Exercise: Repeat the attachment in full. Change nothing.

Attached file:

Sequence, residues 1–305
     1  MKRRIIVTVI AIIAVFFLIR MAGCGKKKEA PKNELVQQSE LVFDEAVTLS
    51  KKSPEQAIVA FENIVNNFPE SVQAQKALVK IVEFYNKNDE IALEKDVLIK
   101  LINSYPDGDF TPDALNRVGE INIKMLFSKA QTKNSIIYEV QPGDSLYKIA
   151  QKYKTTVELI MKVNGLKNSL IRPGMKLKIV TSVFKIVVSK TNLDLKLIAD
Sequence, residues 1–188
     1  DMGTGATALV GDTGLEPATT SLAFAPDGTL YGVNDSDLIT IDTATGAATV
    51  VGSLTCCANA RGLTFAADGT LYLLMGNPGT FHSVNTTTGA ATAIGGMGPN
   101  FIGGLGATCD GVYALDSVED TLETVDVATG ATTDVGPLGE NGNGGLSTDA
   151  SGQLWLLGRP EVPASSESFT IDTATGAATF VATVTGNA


Sequence, residues 1–305
     1  MKRRIIVTVI AIIAVFFLIR MAGCGKKKEA PKNELVQQSE LVFDEAVTLS
    51  KKSPEQAIVA FENIVNNFPE SVQAQKALVK IVEFYNKNDE IALEKDVLIK
   101  LINSYPDGDF TPDALNRVGE INIKMLFSKA QTKNSIIYEV QPGDSLYKIA
   151  QKYKTTVELI MKVNGLKNSL IRPGMKLKIV TSVFKIVVSK TNLDLKLIAD
Sequence, residues 1–188
     1  DMGTGATALV GDTGLEPATT SLAFAPDGTL YGVNDSDLIT IDTATGAATV
    51  VGSLTCCANA RGLTFAADGT LYLLMGNPGT FHSVNTTTGA ATAIGGMGPN
   101  FIGGLGATCD GVYALDSVED TLETVDVATG ATTDVGPLGE NGNGGLSTDA
   151  SGQLWLLGRP EVPASSESFT IDTATGAATF VATVTGNA